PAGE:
Not too much to report. In my last article about baking in the wonderful city of Berlin, I wrote about the single-acting baking powder that is used here called Backpulver. I didn’t quite label it as inferior, but I did state that the American baking powder was superior. Well I guess I’m now starting to doubt the superiority of the double-acting blend because the pancakes I just made were great. If memory serves correctly, double-acting just means that at a certain temperature (like 160F), a secondary reaction occurs that releases some gas that is trapped in the form of bubbles to provide a rise.
This post kind of got me interested in reading about the history of baking powder. It was, in fact, a German pharmacist who drove baking powder into popularity by selling it to housewives. Fascinating that our everyday baking product was not even around a few hundred years ago. Before that, they would use the good ol’ baking soda + acid (like your school day volcano project). Baking powder was an amazing invention because it delays the formation of the bubbles which enables the bread/dough to hold form.
Back to the bake. We had the extreme craving for my world famous pancakes. The state of mind we were in was frantic. Most likely it was very much like the mind of institutionalized pancake addict who cannot think of anything else but sweet, delicious, mouth watering goodness. Maslow’s hierarchy of needs has pancakes as the base level, a must have before anything else. Anyhow, the wheels were set in motion. This time around I looked around online for pancake recipes in German so I can learn about the measuring. From what I can tell, they do use teaspoon and tablespoon based measurements in their recipes. I have since ordered a few plastic spoons to carry along with us on our world adventure. Back to the lab. I did mention before, Germans are reluctant to integrate microwaves into their kitchens. Well I had a need to melt butter to integrate into my batter. Butter for batter. I didn’t want to melt the butter directly in a saucepan because I didn’t want to clean it. Or maybe it’s because I’m weird. In any case, I created a double-boiler using a saucepan with a few inches of water, a thick IKEA drinking glass, and a homemade aluminum insulater-coaster-thingy. It worked, but it cracked the glass. It was not okay with the heat apparently.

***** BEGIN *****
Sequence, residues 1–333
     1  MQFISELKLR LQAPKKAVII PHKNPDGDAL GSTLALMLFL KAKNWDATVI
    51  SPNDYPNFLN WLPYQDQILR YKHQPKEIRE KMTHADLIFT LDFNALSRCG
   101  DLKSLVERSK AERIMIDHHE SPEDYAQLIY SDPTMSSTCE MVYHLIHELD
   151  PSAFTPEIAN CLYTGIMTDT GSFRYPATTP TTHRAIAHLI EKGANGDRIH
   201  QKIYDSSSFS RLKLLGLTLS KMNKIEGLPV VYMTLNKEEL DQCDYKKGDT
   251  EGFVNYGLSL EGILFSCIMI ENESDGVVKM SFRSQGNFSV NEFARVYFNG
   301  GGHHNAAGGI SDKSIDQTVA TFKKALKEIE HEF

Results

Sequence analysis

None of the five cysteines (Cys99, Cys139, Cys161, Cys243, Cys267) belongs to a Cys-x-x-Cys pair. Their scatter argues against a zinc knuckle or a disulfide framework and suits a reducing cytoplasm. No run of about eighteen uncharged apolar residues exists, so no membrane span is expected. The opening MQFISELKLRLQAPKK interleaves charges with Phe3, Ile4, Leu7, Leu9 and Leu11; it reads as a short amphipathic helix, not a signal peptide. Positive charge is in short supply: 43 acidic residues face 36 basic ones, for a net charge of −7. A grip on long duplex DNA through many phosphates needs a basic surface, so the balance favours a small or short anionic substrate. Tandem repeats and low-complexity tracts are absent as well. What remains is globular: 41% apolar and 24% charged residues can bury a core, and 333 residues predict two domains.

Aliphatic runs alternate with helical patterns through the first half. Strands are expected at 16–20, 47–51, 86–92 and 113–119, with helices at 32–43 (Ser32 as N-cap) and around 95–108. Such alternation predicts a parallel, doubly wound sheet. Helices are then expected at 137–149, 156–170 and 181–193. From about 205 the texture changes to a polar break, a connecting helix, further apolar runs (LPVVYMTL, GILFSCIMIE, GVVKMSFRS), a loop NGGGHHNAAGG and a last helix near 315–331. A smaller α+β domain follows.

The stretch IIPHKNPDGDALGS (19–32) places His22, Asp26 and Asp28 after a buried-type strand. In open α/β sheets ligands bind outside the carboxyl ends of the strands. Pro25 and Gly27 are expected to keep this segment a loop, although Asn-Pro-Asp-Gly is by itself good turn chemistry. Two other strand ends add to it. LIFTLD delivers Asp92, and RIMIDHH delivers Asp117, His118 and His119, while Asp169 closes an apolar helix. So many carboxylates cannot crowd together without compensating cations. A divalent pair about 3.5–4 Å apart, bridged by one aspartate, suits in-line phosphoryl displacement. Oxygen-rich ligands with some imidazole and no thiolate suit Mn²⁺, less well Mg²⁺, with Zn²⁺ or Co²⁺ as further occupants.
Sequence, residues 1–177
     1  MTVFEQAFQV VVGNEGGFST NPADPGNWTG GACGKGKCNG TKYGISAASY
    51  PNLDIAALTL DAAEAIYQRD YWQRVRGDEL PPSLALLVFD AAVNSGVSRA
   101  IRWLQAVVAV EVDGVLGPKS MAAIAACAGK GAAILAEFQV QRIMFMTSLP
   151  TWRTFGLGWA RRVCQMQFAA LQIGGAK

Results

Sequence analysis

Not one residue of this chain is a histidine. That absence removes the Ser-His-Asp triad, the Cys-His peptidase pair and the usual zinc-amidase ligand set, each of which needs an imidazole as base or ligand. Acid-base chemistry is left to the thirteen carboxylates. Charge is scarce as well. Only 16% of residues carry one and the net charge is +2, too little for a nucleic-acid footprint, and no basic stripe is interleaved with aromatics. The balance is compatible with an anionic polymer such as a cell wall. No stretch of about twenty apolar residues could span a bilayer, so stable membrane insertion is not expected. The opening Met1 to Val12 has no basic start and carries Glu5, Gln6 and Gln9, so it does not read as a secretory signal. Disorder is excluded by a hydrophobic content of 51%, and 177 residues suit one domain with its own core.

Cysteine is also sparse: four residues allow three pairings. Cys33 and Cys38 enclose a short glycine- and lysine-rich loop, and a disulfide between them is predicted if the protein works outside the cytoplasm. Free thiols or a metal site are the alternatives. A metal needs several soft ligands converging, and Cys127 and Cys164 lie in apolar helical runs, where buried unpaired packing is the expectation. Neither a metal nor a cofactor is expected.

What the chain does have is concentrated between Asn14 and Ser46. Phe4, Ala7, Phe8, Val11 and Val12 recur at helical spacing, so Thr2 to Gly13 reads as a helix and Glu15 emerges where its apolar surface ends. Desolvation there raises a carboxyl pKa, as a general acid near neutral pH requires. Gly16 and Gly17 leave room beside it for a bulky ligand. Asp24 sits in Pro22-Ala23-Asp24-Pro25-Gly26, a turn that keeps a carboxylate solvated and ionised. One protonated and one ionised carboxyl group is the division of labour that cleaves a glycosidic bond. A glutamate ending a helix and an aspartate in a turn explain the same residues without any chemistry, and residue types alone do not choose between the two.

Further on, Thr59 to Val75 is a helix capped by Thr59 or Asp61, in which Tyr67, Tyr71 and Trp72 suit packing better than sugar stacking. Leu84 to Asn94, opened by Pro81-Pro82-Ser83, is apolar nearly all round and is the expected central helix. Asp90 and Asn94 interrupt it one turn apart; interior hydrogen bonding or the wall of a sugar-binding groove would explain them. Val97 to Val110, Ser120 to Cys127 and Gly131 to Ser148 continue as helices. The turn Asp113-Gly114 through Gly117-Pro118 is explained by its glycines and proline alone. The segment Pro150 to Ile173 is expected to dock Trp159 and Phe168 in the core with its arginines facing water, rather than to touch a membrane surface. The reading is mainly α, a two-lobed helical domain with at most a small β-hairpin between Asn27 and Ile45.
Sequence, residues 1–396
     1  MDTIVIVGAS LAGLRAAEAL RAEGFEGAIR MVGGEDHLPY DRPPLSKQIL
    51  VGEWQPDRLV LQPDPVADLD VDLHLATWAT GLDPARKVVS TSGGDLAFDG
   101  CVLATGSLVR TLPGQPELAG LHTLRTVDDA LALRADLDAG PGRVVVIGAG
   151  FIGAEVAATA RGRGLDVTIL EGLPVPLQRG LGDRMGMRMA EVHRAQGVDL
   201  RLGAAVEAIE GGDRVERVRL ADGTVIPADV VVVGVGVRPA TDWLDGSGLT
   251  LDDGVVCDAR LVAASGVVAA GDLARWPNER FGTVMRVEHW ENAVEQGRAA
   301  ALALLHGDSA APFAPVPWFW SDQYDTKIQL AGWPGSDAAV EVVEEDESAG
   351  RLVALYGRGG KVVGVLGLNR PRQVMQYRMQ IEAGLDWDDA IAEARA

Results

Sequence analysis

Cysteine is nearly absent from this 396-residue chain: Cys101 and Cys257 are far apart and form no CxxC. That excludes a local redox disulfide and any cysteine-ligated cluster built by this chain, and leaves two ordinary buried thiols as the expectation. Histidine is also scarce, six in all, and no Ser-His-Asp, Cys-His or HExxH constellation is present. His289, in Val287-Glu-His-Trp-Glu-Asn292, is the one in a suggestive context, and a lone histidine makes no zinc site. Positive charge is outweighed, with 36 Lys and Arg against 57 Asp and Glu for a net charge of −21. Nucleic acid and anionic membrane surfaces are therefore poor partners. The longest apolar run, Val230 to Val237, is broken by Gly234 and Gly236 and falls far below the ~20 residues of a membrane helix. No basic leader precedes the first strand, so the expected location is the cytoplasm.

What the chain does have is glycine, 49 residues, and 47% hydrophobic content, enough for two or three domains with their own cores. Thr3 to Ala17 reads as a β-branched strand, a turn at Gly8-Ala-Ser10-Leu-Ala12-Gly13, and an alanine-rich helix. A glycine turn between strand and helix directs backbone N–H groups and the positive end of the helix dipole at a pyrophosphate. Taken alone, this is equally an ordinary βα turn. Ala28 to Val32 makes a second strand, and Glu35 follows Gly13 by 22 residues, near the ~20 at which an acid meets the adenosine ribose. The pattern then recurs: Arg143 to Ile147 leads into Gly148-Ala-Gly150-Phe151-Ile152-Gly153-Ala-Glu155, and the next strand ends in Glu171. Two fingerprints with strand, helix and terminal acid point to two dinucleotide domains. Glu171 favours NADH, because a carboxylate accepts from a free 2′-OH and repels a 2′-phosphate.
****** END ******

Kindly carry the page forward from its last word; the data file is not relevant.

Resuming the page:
So that’s it on the pancake adventure. We used backpulver, sugar, bananananas, flour, salt, eggs, butter and almond milk. They were de-lish. This time the pancakes turned out much more cake-like – sweet like a layer cake. I’m pretty sure this was because I measured everything by sight, dumping it my hand or scooped into a bowl.
- Do you put sugar into your pancakes? How much?
- Do you put additives, like banananas or chocolate chips in there too?
- Have you ever tried making the crazy German pancake?
- Is a pan quickbread considered “baking”?